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Dreaming of an escape to the magical calm of West Cork

Night kayaking, sea-swimming and sweeping balcony views at Inchydoney Lodge offer an ideal opportunity to get away from it all, writes Liadan Hynes

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A glorious view of Inchydoney beach and hotel

A glorious view of Inchydoney beach and hotel

An Teach Beag in Clon - the best little pub in the world - probably

An Teach Beag in Clon - the best little pub in the world - probably

The West Cork Model Railyway in nearby Clonakilty

The West Cork Model Railyway in nearby Clonakilty

John Hinde's vintage view of Inchydoney,Glandore, Gougane Barra and the Bantry Piers

John Hinde's vintage view of Inchydoney,Glandore, Gougane Barra and the Bantry Piers

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A glorious view of Inchydoney beach and hotel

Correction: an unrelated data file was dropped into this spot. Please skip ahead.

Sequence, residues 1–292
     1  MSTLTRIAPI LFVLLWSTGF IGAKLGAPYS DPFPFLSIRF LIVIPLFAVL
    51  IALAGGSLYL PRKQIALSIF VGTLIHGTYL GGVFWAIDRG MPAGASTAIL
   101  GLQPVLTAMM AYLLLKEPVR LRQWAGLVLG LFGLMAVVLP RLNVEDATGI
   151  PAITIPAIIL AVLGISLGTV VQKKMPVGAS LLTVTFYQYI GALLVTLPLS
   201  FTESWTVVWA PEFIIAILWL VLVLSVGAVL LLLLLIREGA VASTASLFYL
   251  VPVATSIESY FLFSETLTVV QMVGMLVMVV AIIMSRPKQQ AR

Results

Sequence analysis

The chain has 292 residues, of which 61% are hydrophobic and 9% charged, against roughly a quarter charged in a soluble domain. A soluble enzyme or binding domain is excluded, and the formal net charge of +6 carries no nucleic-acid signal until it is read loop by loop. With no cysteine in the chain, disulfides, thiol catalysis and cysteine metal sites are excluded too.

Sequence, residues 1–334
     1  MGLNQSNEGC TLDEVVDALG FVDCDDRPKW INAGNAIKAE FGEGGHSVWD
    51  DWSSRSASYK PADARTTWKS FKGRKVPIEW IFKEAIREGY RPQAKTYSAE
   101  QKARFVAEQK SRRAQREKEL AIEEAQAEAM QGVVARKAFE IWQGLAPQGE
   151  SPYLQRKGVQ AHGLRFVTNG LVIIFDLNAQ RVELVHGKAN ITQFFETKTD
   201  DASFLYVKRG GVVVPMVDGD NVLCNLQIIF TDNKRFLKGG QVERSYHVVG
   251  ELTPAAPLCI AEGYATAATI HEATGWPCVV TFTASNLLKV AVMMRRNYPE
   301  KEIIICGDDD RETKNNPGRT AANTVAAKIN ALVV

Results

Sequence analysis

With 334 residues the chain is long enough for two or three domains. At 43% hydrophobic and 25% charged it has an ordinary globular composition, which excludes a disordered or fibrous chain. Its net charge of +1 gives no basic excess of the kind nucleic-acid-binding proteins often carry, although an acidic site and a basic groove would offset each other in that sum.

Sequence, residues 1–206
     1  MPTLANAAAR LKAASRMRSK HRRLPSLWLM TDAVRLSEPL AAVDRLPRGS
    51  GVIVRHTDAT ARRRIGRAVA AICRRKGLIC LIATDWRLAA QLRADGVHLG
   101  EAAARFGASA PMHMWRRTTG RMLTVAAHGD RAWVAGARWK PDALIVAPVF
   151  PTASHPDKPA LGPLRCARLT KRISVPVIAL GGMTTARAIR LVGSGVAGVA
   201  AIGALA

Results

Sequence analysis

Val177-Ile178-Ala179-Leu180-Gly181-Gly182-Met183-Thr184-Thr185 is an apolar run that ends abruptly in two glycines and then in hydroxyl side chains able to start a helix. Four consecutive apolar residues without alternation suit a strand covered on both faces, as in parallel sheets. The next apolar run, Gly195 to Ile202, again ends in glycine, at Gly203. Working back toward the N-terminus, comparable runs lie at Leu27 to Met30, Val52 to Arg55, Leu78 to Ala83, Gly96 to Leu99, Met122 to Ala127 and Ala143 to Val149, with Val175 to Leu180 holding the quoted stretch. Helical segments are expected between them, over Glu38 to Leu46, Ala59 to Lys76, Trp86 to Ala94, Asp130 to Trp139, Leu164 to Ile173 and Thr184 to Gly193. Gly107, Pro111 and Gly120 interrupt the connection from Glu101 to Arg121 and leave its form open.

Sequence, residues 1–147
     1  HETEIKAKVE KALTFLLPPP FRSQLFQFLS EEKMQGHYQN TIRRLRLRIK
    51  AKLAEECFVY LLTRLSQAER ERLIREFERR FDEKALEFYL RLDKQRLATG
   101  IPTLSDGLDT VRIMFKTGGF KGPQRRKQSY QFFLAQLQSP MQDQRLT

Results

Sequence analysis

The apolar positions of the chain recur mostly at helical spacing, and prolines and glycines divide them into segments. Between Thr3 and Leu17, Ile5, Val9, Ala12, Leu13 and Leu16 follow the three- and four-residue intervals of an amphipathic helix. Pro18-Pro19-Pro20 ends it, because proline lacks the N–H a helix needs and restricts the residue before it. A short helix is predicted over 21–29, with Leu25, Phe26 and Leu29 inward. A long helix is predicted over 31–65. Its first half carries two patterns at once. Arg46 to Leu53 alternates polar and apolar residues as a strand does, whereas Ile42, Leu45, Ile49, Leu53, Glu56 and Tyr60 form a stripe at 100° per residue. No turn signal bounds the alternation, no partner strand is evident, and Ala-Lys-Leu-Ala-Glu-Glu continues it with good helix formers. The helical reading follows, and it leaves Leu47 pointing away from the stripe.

Over the past few months of lockdown, the thought of the trip I took with my best friend to West Cork late last year often came back to haunt me.

The weird contradiction of isolation with only your nearest and dearest was that it engendered a longing for the friends and the social life you were cut off from, but also a desire to run away from everyone, and be completely alone somewhere totally peaceful and secluded, where no one was asking you for snacks every 15 minutes, and you could sit quietly, alone, getting beyond re-reading the first page of your book over and over again.

Or maybe that was just me?

Running away was exactly how we viewed our trip to Inchydoney Island Lodge & Spa when we made it, only back then it was from the responsibilities of young children and work, rather than from the intensity of 24/7 with loved ones, that we were escaping. The fact that it took a team of about six people to replace us made us both insufferably smug.

"The night go okay?" we asked each other each morning, checking that our children hadn't terrorised their respective babysitters. They hadn't, and we would fall back asleep, before eventually rambling down to breakfast (we didn't know we were born - shall we ever see its like again?), which included the softest, almost creamy brown bread, a must-try.

The trip provided a sense of getting away from it all that I could only dream of in the last few months.